In June, the government also banned the use of the U.S. dollar and other foreign currencies for domestic transactions, and reintroduced the Zimbabwe dollar as the sole legal tender, effectively ending the multi-currency regime that had been in existence since 2009.

Mnangagwa, however, expressed concern over the continued cash shortages in the economy, and vowed to address the challenge soon.

"We are aware that our people, especially those in rural areas, are facing difficulties in transacting owing to cash shortages," he said.

"This transient challenge will be addressed decisively in the near future."

He added that efforts to turnaround the economy will remain underpinned by a spirited campaign to eradicate corruption.

"This campaign will be waged relentlessly and without fear or favor," Mnangagwa said.

Zimbabwe President Emmerson Mnangagwa thanks
external supporters on his first election anniversary

HARARE Zimbabwe (Xinhua) -- Zimbabwean President Emmerson Mnangagwa has paid tribute to China and other friendly countries outside the African continent for standing by Zimbabwe as it undergoes political and economic transformation.

In a state of the nation address Friday night to mark his first elective year in office, Mnangagwa said Zimbabwe will remain eternally grateful to the countries for the support.

"We remain eternally grateful to all those nations outside the African Union which have stood by us through thick and thin, principally the People’s Republic of China, Russia, India, Belarus, Spain and Brazil. We never take their support for granted," Mnangagwa said.

He said as his government continues to engage and re-engage the world, he will visit Russia in October this year, the second such visit in a year.

He also said through the re-engagement efforts, Zimbabwe was now enjoying warm relations with Western countries that had remained hostile to it over the past two decades.

He said the ultimate goal was the complete removal of punitive Western sanctions on Zimbabwe.

He commended the political, economic and legislative reforms his government has undertaken over the past year to improve democratic space in the country.

He pledged to bring about a durable democratic dispensation under his new government.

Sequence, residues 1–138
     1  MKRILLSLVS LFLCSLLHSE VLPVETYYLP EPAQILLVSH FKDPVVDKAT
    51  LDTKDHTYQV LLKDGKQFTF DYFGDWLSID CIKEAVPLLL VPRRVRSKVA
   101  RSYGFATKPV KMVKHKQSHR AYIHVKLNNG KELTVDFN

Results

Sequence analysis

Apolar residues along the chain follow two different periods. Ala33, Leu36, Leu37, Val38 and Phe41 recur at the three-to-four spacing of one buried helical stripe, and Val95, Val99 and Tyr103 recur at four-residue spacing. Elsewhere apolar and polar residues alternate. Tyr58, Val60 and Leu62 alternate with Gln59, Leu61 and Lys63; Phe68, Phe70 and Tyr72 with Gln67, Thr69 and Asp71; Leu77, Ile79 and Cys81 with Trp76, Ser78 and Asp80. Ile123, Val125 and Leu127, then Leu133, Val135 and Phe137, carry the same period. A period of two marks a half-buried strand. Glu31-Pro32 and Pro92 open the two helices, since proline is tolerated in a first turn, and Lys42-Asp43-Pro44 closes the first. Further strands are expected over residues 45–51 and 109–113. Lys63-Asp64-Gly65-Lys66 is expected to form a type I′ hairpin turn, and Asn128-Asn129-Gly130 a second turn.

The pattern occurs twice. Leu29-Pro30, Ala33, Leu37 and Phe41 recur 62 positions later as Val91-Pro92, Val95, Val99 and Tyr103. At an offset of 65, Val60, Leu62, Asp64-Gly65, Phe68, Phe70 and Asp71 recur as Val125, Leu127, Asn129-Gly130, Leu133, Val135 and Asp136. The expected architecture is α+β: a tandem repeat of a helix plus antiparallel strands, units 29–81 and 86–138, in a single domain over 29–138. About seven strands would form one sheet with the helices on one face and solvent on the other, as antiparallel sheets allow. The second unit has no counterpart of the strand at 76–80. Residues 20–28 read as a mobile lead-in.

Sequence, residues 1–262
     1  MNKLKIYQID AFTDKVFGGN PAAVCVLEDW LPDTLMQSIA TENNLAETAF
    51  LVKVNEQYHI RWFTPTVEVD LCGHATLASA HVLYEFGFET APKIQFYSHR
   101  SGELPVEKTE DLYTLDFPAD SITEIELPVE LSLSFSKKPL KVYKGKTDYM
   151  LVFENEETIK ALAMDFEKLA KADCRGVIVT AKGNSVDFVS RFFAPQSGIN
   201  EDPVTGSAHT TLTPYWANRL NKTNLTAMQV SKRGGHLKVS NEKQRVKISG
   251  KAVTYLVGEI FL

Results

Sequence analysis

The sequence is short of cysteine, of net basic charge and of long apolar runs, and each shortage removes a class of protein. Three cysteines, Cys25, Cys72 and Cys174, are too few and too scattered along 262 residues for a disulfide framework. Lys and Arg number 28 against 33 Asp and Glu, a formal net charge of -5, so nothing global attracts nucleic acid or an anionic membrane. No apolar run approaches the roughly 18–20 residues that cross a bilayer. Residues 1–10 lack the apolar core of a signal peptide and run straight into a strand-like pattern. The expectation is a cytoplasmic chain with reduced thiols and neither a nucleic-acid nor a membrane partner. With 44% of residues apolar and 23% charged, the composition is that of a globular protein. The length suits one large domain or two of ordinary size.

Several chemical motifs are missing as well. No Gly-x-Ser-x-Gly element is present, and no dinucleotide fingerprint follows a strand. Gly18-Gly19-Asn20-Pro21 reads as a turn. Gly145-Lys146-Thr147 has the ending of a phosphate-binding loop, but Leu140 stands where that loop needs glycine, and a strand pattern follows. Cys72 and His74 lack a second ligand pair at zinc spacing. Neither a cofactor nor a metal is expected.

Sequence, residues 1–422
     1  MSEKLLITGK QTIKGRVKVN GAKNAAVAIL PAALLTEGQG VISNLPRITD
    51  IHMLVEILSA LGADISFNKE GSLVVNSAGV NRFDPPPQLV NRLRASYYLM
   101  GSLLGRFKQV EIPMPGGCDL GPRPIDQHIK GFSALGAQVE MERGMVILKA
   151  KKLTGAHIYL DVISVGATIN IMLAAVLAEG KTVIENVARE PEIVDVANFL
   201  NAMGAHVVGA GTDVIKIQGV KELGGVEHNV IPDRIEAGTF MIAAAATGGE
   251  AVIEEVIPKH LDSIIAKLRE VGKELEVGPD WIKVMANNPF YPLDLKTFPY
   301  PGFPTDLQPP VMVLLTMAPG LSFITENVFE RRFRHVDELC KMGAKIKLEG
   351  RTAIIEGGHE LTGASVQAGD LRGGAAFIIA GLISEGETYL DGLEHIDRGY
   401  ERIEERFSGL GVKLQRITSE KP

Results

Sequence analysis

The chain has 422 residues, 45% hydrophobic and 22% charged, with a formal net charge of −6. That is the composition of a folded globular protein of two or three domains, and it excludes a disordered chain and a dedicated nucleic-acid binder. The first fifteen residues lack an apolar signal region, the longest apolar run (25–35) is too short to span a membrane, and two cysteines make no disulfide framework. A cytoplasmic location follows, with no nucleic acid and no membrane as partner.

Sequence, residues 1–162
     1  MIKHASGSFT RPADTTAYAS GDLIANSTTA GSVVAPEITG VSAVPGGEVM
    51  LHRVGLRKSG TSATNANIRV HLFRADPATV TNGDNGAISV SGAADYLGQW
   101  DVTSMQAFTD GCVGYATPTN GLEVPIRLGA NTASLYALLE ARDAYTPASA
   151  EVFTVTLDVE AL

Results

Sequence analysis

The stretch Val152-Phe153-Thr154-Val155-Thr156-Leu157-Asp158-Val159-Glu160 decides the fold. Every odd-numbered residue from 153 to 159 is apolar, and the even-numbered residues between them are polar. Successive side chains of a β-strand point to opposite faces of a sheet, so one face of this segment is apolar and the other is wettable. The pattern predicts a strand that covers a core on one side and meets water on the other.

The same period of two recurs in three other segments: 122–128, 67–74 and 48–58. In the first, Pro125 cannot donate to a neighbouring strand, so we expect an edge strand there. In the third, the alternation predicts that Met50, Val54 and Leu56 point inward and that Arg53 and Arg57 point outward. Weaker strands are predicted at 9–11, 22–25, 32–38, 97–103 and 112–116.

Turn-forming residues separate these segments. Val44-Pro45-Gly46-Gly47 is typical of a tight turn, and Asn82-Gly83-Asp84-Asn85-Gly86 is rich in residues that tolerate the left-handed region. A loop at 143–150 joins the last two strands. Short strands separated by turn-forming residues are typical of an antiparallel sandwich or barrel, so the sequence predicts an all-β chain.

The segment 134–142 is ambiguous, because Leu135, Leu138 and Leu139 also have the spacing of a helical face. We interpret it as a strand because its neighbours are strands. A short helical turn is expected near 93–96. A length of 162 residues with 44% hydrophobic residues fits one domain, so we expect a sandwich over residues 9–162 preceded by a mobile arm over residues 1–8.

"As I address you, bad laws are being repealed, and are set to be replaced by good ones which comply with our celebrated Constitution and international tenets of good governance.

"No piece of legislation which is deemed offensive, restrictive, or undemocratic will be spared," he said.

Among the laws facing repeal and replacement include the Public Order and Security Act and the Access to Information and Protection of Privacy Act, blamed by the civic society and opposition for stifling fundamental freedoms and liberties of Zimbabwean citizens.

On the economic front, the president said painful but necessary reforms had been undertaken over the past year, the major highlight being the scrapping of the multiple currency regime that had been in place since 2009, and the re-introduction of the Zimbabwe dollar.

"Through this key reform, and the operationalization of open market in all spheres, we have geared our economy for a major transformation underpinned by greater efficiencies, fair value and secure property rights," he said.

He urged the nation to remain patient with the reforms, saying while the beginning may be painful, the medium to long run will deliver durable jobs, economic stability, growth and development.

Zimbabwe President calling for effort to modernize
defense forces to meet with changing environment

HARARE Zimbabwe (Xinhua) -- Zimbabwe President Emmerson Mnangagwa said Tuesday that his government would ensure that the Zimbabwe Defense Forces are fully equipped and trained in line with the changing environment.

Addressing the military and thousands of civilians who thronged the National Sports Stadium to mark the 39th anniversary of the establishment of the Zimbabwe Defense Forces and to celebrate the Defense Forces Day, he said his administration supported efforts to modernize the military.

In view of the ever-changing socio-economic, technological and security architecture, the modernization of our defense forces has become urgent and imperative.

"My government is therefore prioritizing the upgrading of equipment as well as facilitating focused training of specialized units in both the army and air force.

"The provision of skills training and raising the forces preparedness in general has also received my administration’s full support," he said.

At the international level, he said the government would ensure that ZDF played its role in the achievement of Africa’s Agenda 2063 and promote the silencing of guns on the continent.

"Zimbabwe is indeed committed and ready to play its part in ensuring a more peaceful, empowered, modernized, industrialized and integrated Africa," he said.

Mnangagwa also praised ZDF for working with international partners in the removal of anti-personnel mines which were planted during the war of liberation in the 1970s.

He said a cumulative area of 900,000 square meters had been cleared between Aug. 2018 and June 2019.

At independence, the country had six minefields covering an estimated 2,700 km along the borders with Mozambique and Zambia.

Landmines and other explosive remnants of the war remain dangerous to the border-lying communities, with about 1,650 people killed and many others injured.